Home computer boosts Danny’s development

A 13 year old boy with autism has been gifted a home computer from Simon’s Heroes children’s charity to help develop his learning and interaction.

Danny Moore from Lichfield was diagnosed with Autism Spectrum Disorder (ASD) at the age of 2. His condition largely affects his ability to understand and relate to others and he struggles to build rapport with people. He also suffers from sleep deprivation and experiences periods of intense anxiety.

‘His condition was first detected on his 2 year check up; he wasn’t speaking’, his mum Jackie said, ‘His motor abilities were good but he just wasn’t communicating.’

Autism is much more commonplace than most people think. There are around 700,000 autistic people in the UK – that’s more than 1 in 100. The characteristics of autism do vary from one person to another. Symptoms include persistent difficulties with social communication and interaction and restricted and repetitive patterns of behaviours and activities which limit everyday functioning.

‘Danny enjoys running, his favourite place to run is in the kitchen. He can get very stressed and running helps to soothe him.’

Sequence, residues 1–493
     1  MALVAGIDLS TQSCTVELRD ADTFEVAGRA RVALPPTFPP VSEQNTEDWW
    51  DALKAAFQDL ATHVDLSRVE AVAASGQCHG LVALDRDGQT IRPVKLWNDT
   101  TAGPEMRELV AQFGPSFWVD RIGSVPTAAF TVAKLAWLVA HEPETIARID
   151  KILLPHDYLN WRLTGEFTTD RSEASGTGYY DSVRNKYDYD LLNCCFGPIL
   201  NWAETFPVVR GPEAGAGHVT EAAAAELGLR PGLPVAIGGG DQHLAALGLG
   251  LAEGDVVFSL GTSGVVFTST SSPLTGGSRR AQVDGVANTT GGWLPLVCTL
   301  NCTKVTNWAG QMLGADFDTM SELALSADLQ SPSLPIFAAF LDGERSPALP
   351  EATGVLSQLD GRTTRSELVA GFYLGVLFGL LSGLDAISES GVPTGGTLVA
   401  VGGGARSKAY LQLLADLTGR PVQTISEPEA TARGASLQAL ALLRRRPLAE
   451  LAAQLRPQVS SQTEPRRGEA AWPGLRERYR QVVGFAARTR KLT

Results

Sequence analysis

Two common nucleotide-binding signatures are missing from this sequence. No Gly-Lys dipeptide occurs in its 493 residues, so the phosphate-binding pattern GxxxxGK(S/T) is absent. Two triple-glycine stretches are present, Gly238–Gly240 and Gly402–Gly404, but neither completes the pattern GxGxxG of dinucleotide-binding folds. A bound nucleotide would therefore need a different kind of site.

Danny lives with his mum Jackie, Dad Colin and sister Abigail (15) who suffers from Asperger syndrome and also has difficulty with social relationships. Danny attends Queen’s Croft High School in Lichfield, a state special school for pupils aged 11-19.

‘Danny enjoys art; he’s really good at it and has an amazing imagination! He also loves working on the computer, it really engages him.’

Studies have suggested that computer use can be therapeutic for children on the autism spectrum and are an ideal environment for promoting communication, sociability and creativity.

‘Danny loves his new computer; he has been doing his homework on it as well as research and learning. Thank you to Simon’s Heroes, we can already see the positive effect having one at home is having on his concentration and interaction.’ Jackie Moore.

Author: C Bull



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